What Are the Signs of Possessiveness?

What Are the Signs of Possessiveness?

by Shannon Philpott Google

About Shannon Philpott

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Shannon Philpott has been a writer since 1999. She has experience as a newspaper reporter, magazine writer and online copywriter. Philpott has published articles in St. Louis metro newspapers, "Woman's World" magazine, "CollegeBound Teen" magazine and on e-commerce websites, and also teaches college journalism and English. She holds a Master of Arts in English from Southern Illinois University.

It can be flattering when a spouse or significant other wants to spend all of his time with you. But when he becomes possessive of your every move, it may signal emotional or physical danger. According to the American Association for Marriage and Family Therapy, domestic abuse occurs in 20 percent of American families. Beyond physical assaults, domestic abuse can also include emotional abuse, such as possessive or controlling behavior. Learning to recognize the signs of possessiveness can help you to safeguard yourself, seek help or determine whether the relationship is worth continuing.

Feeling Isolated

You may find yourself communicating with friends and family less because your partner demands all of your time. Isolation could be a sign of possessiveness and emotional abuse, according to Melinda Smith, who holds a master's degree in psychology, and Jeanne Segal, a psychologist, in the article, “Domestic Violence and Abuse,” on HelpGuide.org. Limiting your contact with others and consuming your time gives a possessive individual the feeling of control.

Controlling Finances

Although many people in relationships delegate the finances to one individual to avoid confusion, if your significant other or spouse is controlling every penny you spend, it could be a sign of possessiveness. According to Smith and Segal, examples of economic or financial abuse include withholding access to a bank account, credit card or cash, restricting the partner to an allowance and withholding basic necessities, such as clothing, food or medication. If you find yourself in this situation, it is important to seek outside help from a professional counselor, friend or family member to ensure your basic needs are met.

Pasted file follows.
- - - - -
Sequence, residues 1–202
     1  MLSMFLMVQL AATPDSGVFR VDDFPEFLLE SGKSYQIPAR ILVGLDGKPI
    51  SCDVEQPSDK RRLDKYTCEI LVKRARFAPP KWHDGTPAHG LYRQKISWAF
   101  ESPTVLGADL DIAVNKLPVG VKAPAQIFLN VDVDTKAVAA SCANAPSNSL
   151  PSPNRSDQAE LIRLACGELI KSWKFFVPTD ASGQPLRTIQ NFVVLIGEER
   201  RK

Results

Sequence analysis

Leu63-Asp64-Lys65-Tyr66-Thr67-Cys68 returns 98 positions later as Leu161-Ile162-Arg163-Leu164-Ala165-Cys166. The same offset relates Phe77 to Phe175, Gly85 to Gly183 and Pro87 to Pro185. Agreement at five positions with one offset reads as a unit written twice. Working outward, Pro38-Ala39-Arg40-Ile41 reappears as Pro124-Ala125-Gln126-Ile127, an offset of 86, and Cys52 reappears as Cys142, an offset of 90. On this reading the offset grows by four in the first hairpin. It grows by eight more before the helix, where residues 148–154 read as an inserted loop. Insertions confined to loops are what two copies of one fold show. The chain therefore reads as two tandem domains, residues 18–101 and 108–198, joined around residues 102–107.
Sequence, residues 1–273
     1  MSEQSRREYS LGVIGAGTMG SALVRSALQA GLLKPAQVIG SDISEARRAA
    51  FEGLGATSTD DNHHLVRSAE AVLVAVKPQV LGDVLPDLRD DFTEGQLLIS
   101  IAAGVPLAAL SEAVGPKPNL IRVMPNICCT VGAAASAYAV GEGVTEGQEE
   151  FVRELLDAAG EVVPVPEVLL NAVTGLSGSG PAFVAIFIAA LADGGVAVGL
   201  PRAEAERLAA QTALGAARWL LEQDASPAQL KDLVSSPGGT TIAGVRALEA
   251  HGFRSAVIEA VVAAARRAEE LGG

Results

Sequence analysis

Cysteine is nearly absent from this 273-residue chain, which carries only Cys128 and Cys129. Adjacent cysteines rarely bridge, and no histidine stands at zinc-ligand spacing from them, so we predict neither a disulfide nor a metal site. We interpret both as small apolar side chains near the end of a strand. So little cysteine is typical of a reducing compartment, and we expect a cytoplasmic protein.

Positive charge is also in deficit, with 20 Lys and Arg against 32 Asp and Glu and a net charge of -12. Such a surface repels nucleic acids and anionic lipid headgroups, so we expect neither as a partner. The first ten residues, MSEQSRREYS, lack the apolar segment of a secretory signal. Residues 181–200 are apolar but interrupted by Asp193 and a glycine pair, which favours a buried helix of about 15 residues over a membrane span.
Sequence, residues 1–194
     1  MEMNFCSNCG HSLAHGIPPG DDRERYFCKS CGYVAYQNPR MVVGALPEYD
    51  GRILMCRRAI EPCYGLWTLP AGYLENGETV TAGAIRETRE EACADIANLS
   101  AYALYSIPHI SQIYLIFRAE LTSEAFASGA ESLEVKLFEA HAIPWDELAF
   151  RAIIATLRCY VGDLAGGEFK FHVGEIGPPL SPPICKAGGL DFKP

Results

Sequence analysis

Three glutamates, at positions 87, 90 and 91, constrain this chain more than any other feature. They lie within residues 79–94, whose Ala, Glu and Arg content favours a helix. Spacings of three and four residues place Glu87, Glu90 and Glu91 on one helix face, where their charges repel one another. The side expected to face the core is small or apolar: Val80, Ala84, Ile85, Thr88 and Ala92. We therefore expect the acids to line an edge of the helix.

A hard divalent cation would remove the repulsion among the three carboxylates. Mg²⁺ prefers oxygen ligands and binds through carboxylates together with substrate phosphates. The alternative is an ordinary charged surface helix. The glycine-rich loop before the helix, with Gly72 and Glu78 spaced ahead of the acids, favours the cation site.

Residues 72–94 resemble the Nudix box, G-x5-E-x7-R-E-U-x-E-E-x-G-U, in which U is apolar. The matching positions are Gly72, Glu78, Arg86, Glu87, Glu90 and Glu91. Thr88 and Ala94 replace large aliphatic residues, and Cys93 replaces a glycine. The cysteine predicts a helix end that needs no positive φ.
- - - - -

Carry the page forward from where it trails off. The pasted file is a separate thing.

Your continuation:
Exhibiting Dominance

When a person feels his or her partner is a possession, a pattern of dominance often ensues. Emotionally abusive and possessive individuals need to feel in charge, according to Smith and Segal. This may lead your partner to treat you as his or her property, making decisions without your input, telling you what to do and even treating you as a child to prompt obedience. Name calling, shaming and public insults are strategies to gain more control over a person. Seek assistance from a professional counselor or contact the police or a domestic abuse resource, such as The National Domestic Abuse Hotline.

Overreacting With Jealousy

If your partner has insecurities, he may masquerade his love for you with jealous outbursts. As a result, he may expect you to give up your freedom – a clear sign of possessiveness, according to the U.S. Department of Health and Human Services' Federal Occupational Health Department. Extreme jealousy is a sign that may indicate the potential for emotional or physical abuse, according to the department. Low self-esteem, a quick temper, a family history of violence and jealous behavior are common predictors of domestic abuse. Seek help from the police, a domestic abuse support group or a professional counselor.

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